Down with templates

Problem with the computer

As noted previously, I love electronic health records. I love them despite their many (many) problems because I truly believe that most of these problems are fixable. In order to be fixed, however, one must clearly and persuasively identify what the problems are. So that the healing – er, fixing – can begin.

What follows is an example of one of my top issues with EHRs. This is the entire HPI for a note I recently stumbled upon, verbatim (minus any identifying info, obvs):

“sexual health history:
19 year old female presents with c/o Female reproductive OR GYN category  Engages in sexual intercourse with  Both, Last sexual encounter   about 1.5 mos ago, Number of different sexual encounters/partners in the past six months  1, Currently sexually active with  Not currently active, History of vaginal intercourse: If yes, are condoms used?  Always, History of STIs testing:  Yes, History of STIs:  No, Pregnancy prevention practices:  Yes male condoms.

Genitourinary female:
c/o menstrual cycle normal, LMP 1/9.  c/o frequent urination for few days daytime and night time, urgency.  c/o vaginal symptoms for few days itching, foul smelling discharge.  c/o burning w urination.
Denies : abdominal pain. fever. hematuria.
c/o R lwr back pain.

Denies : abnormal vag bleeding. “

What are the chances that someone actually wrote this? Meaning, someone’s brain decided to assemble these words into these patterns, pretending to have produced coherent sentences? Roughly zero, right?

Thank you, templates. You are responsible for this complete abomination of medical documentation.

Seriously. “Presents with c/o Female reproductive OR GYN category”? “Currently sexually active with  Not currently active”?


I mean, it sounds like she’s here with a few days of dysuria, urinary frequency, vaginal discharge and itching. I get that. But it takes far longer than it should for me to get there. And that sexual history is a mess. And – most importantly to me – THESE ARE NOT REAL SENTENCES. They shouldn’t pretend to be.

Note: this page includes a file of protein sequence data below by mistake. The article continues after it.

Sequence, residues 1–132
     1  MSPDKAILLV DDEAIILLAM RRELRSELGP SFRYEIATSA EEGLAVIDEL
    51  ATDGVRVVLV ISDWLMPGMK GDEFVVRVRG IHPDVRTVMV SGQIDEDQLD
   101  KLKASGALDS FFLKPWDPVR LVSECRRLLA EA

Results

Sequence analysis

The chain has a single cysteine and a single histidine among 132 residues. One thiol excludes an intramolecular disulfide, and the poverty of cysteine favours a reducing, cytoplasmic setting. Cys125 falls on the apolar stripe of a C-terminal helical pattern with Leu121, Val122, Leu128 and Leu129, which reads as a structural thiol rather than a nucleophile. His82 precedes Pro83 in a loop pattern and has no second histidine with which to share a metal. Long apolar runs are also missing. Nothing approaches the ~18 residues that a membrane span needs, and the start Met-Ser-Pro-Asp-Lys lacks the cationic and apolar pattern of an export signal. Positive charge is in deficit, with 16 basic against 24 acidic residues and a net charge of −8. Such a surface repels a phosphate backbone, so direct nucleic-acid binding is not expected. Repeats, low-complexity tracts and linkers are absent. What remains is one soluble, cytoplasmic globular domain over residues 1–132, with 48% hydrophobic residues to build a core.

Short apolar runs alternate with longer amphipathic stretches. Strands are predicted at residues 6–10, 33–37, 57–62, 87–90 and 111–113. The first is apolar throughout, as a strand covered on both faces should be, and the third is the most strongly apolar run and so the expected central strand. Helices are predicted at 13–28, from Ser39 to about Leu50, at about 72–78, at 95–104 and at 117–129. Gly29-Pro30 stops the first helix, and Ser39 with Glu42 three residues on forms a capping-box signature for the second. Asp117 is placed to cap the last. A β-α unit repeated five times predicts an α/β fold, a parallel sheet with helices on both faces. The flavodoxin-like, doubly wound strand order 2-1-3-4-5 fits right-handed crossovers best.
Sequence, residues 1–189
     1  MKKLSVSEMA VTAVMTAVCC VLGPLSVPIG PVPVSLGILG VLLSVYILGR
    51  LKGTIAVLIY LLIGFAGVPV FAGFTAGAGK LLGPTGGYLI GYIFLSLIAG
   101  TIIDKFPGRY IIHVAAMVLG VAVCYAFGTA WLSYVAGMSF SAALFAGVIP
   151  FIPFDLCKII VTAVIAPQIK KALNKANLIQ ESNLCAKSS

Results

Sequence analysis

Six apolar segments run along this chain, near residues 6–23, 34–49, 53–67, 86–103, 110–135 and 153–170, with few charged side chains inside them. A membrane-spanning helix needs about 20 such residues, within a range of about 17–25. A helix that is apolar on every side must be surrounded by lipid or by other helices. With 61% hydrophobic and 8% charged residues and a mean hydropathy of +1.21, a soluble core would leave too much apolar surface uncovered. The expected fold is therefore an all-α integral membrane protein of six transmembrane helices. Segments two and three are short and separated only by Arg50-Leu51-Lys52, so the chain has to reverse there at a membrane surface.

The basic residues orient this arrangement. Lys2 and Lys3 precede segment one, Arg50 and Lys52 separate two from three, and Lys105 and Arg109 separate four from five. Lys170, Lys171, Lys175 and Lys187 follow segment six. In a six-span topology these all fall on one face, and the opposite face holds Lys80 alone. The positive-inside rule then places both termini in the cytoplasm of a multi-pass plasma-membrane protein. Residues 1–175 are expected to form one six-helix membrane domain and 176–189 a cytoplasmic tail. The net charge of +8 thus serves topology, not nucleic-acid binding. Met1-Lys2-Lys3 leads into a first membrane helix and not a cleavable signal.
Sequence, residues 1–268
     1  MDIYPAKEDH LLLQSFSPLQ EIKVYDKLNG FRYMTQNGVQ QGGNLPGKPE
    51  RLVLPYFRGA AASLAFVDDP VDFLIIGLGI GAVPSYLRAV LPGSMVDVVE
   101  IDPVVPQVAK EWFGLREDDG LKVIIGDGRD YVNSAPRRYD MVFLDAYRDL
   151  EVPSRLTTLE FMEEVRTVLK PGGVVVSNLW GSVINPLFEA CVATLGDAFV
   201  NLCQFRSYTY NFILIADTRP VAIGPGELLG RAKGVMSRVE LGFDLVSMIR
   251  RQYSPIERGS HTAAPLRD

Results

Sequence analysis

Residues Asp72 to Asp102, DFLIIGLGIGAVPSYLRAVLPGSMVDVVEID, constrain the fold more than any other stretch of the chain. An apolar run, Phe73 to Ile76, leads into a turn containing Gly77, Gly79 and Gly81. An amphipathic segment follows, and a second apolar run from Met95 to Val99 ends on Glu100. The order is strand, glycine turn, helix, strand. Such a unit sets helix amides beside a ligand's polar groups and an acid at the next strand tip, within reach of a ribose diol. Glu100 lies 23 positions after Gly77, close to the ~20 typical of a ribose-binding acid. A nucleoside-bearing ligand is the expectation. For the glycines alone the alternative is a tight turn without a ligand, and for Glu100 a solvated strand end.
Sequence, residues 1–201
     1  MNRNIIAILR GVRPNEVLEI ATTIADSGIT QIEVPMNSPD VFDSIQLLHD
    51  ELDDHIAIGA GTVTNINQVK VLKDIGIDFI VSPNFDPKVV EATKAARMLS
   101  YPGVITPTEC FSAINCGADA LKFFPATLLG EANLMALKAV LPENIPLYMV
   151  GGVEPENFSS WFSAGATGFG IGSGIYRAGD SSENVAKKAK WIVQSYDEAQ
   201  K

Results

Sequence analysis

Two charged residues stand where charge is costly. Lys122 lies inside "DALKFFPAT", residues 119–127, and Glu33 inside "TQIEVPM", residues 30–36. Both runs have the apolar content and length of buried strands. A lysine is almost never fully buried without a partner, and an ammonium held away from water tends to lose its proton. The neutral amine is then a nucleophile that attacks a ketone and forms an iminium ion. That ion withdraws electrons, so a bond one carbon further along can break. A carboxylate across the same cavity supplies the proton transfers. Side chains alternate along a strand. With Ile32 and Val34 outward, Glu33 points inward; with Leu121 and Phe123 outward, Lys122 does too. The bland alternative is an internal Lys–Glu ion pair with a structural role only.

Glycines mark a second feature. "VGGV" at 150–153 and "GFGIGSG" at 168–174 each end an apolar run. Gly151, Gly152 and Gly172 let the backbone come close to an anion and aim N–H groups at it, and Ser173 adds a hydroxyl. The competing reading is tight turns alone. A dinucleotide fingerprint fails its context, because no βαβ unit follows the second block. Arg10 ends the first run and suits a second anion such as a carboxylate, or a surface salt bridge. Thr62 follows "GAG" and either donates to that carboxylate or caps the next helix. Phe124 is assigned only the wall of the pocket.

If you want to use templates for your review of systems, fine. If you want to use them for your physical exam, fine. If you want to use them to review patient education materials provided, fine. I won’t love any of it, but I’ll tolerate it.

But I just cannot get on board with using templates for the HPI. The History of the Present Illness is what the patient tells you about how they ended up sitting in front of you today. It’s a story, a narrative. To give that story justice, it should be documented accordingly. Huge swaths of meaningful information are completely lost when your patient’s narrative is reduced to a bunch of little buttons clicked clicked clicked – “present” “absent” “denies” “yes” “no”… NO. Hate doing it, hate reading it.

Am I missing something? Does anyone have a defense of the template-based HPI?



But seriously, if you’re in love with HPI templates and consider them to be demonstrably superior to free-texting (a.k.a. WRITING) the HPI as a narrative, please, clue me in on how you’re making this work for you.

As long as your HPIs don’t look like this one. Because if you consider that mess to be superior to anything beyond tossing a bunch of Scrabble tiles in a pile and then randomly lining them up, then I’m not sure I can trust anything you have to say.


One thought on “Down with templates

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